Blade Runner 2049 has come and gone and most people are probably not thinking much about it. After seeing it in theaters back in October I wrote up some thoughts but never got around to posting them, hoping for more developed thoughts that never came. So here are those thoughts, undeveloped as they may be.
The film continues the themes of the original movie; self-awareness, what makes someone (or something) human, and the nature of reality. The last theme, the nature of reality, is the one I’d like to comment on and how sexuality was presented in the movie.
(Warning: Spoilers start now.)
The world of Blade Runner 2049 has holograms that are programmed to be company for lonely individuals. The advertisements for these companions are holograms of beautiful girls, tall as a several-storied building, along the street and sometimes nude. (The movie-makers must have wanted to earn the ‘R’ rating.) These holograms flaunt their stuff and will walk over and talk to individuals who linger long enough. A slogan accompanies these holograms that alternates between two phrases: “Everything you want to hear” and “Everything you want to see.”
The main character in the movie is K who is a replicant and his name is derived from his serial number KD6-3.7. In his apartment, K has one of these holograms named Joi, a beautiful girl who is confined to the living space due to the special equipment installed. When K returns home Joi is wearing a nice dress and talks to him about her day and asks about his. She is “making” his dinner and hopes he likes it. When K sits down with his own prepared meal—that appears to be an unappetizing-looking gray mash of some sort—Joi appears and sets a holographic meal of steak and vegetables over the bowl of mash. The obvious inference is that he will eat the mash but can pretend it’s a steak meal lovingly prepared.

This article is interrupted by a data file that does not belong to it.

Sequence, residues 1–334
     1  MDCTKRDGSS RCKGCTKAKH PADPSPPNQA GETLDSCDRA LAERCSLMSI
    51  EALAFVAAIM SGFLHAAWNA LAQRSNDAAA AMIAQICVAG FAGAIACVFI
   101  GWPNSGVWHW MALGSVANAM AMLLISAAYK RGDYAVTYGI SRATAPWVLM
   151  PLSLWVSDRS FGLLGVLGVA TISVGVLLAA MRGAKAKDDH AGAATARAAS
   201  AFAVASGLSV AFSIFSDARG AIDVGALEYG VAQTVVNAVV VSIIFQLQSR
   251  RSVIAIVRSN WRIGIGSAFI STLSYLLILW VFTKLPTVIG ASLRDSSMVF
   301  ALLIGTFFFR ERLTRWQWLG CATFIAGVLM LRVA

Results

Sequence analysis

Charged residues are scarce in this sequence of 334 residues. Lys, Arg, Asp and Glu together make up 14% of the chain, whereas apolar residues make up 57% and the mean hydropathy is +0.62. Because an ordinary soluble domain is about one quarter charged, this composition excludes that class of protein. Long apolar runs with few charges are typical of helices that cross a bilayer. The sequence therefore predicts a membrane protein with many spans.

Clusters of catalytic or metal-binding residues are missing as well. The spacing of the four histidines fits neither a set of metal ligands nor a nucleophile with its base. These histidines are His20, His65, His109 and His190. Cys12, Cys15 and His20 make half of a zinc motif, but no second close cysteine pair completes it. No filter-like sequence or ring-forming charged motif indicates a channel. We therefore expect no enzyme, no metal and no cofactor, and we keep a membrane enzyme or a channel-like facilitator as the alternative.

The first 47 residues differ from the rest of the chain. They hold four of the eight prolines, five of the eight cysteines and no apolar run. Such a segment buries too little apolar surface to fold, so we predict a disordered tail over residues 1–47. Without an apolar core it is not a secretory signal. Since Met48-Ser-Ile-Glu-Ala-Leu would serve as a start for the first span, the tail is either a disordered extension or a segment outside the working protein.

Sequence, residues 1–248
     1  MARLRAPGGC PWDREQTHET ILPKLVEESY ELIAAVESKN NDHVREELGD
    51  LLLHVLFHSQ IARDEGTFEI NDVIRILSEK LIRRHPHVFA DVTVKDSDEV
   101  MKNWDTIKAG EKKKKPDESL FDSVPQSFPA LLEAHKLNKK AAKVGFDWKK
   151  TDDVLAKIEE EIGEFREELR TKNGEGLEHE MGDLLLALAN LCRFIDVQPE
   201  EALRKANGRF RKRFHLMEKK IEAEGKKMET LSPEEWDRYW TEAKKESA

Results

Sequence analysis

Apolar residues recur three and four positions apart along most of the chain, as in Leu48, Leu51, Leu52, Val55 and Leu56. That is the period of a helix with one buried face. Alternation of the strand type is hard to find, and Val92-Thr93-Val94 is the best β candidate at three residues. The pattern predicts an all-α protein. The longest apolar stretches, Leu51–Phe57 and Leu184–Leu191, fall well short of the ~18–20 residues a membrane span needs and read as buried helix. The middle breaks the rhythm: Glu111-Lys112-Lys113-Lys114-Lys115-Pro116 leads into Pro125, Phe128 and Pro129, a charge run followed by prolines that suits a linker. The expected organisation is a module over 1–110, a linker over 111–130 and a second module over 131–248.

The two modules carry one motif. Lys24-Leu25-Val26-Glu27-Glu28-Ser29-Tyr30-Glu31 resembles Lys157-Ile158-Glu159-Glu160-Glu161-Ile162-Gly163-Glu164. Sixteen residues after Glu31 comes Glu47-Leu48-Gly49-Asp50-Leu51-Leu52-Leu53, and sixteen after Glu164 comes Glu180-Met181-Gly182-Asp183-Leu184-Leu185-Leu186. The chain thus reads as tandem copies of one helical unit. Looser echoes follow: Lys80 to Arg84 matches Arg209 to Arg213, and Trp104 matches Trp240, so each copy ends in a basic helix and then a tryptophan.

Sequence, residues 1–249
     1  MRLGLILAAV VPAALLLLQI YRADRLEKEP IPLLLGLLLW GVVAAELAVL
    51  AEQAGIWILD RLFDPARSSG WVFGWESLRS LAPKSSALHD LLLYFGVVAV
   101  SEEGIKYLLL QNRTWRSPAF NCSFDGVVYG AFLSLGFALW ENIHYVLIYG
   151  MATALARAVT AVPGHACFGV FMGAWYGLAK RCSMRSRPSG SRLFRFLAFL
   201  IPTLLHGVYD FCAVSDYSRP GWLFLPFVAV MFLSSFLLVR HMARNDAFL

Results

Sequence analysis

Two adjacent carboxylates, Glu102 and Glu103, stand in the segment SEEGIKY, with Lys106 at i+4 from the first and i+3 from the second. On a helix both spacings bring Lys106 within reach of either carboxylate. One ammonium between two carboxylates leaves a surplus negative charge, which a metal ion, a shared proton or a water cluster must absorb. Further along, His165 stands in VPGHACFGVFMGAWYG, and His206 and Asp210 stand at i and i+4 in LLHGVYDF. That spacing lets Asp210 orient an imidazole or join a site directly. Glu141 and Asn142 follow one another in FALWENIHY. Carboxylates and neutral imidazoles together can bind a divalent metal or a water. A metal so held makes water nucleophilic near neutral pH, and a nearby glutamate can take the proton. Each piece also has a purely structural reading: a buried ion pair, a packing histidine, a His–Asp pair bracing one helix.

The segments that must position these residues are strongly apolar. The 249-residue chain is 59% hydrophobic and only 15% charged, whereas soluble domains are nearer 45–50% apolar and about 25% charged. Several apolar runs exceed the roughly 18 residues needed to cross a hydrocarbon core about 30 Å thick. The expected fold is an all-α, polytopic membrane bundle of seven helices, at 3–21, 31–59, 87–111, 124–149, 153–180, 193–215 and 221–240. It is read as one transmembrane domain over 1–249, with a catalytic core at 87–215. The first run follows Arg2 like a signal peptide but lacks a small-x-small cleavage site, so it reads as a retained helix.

It’s also obvious that K is beginning to have feelings for Joi. As they progress through this scene the audience gets a real sense that she has feelings for him too. Is she becoming self-aware? Is she, a program, beginning to have feelings? K even gives her a present; a device that will download her to a mobile device, enabling her to leave the apartment and go anywhere with him.
Their first excursion is onto the roof where she exits into fresh air, wide openness, and holds her hands out to the rain drops. K and Joi attempt to embrace but, she being a hologram, they cannot actually touch; they place themselves in a position like an embrace but can go no further.
As I watched all this, I could not help but consider the fake girlfriends so many men have today on the internet. Nude photos and pornographic material give men “girlfriends” that ask for no sacrifice or pursuit, ask for nothing in return, never say no, and are always satisfied. None of it is real and only exists the imagination of the man.
This is even starker in a scene where Joi wishes to do with K what all lovers do; so she brings a human girl to the apartment. As K watches, Joi superimposes herself onto the other woman. So now K can have sex with a real woman for one night while looking at and thinking about Joi. Yet again, K and Joi are seeking real love and connection but none of it is real. And K does not seem satisfied the next morning.
Joi and Joe: